DUBAI, United Arab Emirates — A U.S. warship captured six suspected pirates Saturday after a battle off the Horn of Africa – the Navy's third direct encounter with seafaring bandits in less than two weeks.
The Navy has taken at least 21 suspected pirates since March 31 in the violence-plagued waters off Somalia and nearby regions, where U.S. warships are part of an international anti-piracy flotilla.
A statement by the U.S. Navy said the suspected pirates began shooting at the amphibious dock landing ship USS Ashland just before dawn about 380 miles (610 kilometers) off Djibouti, a small nation facing Yemen across the mouth of the Red Sea.
The Navy said the Ashland returned fire and the suspected pirate skiff was destroyed. All six people on board were rescued and taken aboard the Ashland.
The Ashland suffered no injuries or damage in the second recent attack on a U.S. warship by suspected pirates.
On March 31, the frigate USS Nicholas exchanged fire with a suspected pirate vessel west of the Seychelles, sinking their skiff and confiscating a mother ship. Five suspected pirates were captured.
On Monday, the destroyer USS McFaul responded to the distress call from a merchant vessel and captured 10 other suspected pirates.
The Navy said it was reviewing "multiple options" on the suspects' fates.
Some suspected pirates have been turned over to Kenya for trial, but there has been some reluctance by African nations to become a center for prosecutions. In December, the Dutch government released 13 suspected Somali pirates after the European Union failed to find a country willing to prosecute them.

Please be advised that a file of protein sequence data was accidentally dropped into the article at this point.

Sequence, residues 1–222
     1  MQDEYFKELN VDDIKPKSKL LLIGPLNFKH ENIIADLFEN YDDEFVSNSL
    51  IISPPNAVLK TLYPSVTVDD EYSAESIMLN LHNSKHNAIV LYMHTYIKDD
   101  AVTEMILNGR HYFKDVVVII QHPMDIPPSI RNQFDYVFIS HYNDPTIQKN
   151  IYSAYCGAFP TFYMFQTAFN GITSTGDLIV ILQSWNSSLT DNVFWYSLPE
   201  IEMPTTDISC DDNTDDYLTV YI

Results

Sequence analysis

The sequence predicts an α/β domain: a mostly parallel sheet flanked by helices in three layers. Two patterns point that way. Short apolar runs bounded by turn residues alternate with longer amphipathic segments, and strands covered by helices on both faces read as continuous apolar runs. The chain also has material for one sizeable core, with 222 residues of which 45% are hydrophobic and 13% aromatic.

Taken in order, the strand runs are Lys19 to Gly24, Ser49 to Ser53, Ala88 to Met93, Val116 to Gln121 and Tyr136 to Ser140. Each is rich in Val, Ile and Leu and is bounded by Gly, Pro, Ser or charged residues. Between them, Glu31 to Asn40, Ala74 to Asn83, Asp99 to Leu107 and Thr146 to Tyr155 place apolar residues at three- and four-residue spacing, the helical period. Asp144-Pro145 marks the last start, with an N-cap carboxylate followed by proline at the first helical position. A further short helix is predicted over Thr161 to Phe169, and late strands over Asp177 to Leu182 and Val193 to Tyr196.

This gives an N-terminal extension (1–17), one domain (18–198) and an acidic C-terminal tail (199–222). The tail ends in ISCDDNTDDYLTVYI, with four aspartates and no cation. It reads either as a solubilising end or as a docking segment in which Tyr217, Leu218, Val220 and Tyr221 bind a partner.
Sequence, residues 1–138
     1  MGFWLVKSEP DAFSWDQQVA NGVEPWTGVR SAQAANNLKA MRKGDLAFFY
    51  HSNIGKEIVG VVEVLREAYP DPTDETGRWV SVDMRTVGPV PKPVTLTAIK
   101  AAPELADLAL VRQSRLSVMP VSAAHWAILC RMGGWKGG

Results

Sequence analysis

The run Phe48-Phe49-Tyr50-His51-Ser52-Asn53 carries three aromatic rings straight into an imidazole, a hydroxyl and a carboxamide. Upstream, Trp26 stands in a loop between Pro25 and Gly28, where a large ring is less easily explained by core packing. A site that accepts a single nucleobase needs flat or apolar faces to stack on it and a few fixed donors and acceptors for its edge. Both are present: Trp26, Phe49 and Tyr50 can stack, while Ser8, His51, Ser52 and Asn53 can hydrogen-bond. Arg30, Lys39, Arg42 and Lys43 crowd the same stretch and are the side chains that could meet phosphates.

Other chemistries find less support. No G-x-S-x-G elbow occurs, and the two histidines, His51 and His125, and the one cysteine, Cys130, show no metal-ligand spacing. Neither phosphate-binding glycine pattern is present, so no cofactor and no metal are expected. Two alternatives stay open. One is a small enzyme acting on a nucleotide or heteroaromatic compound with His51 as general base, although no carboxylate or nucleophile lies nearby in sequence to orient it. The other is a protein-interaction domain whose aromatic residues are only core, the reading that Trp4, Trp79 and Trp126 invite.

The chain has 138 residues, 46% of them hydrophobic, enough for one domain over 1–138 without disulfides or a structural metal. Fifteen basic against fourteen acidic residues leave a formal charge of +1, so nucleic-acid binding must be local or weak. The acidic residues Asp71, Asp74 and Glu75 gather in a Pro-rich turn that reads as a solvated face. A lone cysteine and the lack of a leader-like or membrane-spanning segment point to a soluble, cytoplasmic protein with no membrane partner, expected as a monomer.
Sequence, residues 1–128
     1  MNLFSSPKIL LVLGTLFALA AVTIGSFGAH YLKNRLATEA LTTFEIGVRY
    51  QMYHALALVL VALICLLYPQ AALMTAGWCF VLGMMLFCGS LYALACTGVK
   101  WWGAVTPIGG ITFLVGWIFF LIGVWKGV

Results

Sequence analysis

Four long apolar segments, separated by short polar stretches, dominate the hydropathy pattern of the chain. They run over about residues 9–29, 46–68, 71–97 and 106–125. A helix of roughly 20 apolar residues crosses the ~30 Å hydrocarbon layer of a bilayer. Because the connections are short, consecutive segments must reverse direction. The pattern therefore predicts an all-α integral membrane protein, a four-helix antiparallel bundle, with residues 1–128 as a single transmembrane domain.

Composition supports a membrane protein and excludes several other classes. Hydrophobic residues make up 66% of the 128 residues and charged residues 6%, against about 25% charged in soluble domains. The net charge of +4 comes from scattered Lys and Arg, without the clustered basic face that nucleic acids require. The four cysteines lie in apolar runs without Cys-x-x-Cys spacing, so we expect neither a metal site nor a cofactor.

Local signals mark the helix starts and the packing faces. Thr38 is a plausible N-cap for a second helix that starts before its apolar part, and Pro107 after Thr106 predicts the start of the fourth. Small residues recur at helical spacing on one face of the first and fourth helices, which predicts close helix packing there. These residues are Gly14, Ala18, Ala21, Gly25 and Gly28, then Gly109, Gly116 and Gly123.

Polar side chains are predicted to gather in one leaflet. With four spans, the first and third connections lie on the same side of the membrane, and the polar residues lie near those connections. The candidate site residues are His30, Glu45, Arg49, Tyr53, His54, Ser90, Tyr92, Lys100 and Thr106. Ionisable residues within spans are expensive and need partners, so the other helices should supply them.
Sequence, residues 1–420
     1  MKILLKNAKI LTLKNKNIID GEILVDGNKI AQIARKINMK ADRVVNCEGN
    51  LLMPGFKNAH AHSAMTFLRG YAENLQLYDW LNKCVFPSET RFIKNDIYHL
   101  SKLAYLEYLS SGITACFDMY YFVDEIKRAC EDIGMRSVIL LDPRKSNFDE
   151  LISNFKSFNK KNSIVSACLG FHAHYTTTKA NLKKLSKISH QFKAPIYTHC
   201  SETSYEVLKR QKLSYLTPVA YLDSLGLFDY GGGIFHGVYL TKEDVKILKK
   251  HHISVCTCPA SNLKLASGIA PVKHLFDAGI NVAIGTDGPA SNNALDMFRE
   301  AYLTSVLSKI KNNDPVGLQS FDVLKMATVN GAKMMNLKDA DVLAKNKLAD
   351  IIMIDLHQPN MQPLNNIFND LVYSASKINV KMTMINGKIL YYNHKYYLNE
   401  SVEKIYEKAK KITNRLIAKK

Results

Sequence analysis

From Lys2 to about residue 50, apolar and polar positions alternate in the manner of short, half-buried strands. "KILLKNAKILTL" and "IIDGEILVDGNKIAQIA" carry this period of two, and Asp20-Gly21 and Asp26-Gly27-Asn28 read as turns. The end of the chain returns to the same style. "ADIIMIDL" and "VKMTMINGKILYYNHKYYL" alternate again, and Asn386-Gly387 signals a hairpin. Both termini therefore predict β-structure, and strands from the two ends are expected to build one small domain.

One of the suspected pirates accused of attacking the U.S.-flagged merchant ship Maersk Alabama last year is facing trial in the United States.
At the United Nations, Russia has introduced a draft resolution to the U.N. Security Council that calls for strengthening the international legal system to ensure captured Somali pirates do not escape punishment.
In Turkey, a news agency reported Saturday that Somali pirates have abandoned a commandeered Turkish ship.
The Dogan agency quoted Fatih Kabal, an official of Bergen Shipping based in Istanbul, as saying the pirates left the MV Yasin C, which was seized Wednesday 250 miles (400 kilometers) off the Kenyan coast.
Kabal said the crew had locked themselves in the engine room and realized that the pirates had left the ship on Friday. He said crew members, who were unharmed, took the damaged ship to the Kenyan port of Mombasa.
Somali pirates have been known to give up on ships they believe have no ransom value, such as vessels owned or hired by Somali traders.
Meanwhile, the owner of a hijacked supertanker has begun negotiations for the ship's release, a South Korean Foreign Ministry official said on condition of anonymity, citing the sensitivity of the talks. Repeated calls to the vessel operator, South Korea-based Samho Shipping, seeking comment went unanswered on Saturday night. The vessel is owned by a Singaporean company.
A South Korean naval destroyer that had been monitoring the ship began sailing away from the pirates Saturday and heading back toward the Gulf of Aden after the pirates warned the sailors not to come any closer.
Authorities say Somali pirates hijacked the 300,000-ton Samho Dream in the Indian Ocean on April 4. The ship was transporting crude oil worth about $160 million from Iraq to the U.S. with a crew of 24 South Koreans and Filipinos.
More than a dozen ships and their crew are believed to be currently held by pirates off the lawless coast of Somalia.
Associated Press writer Kwang-tae Kim contributed to this report from Seoul, South Korea.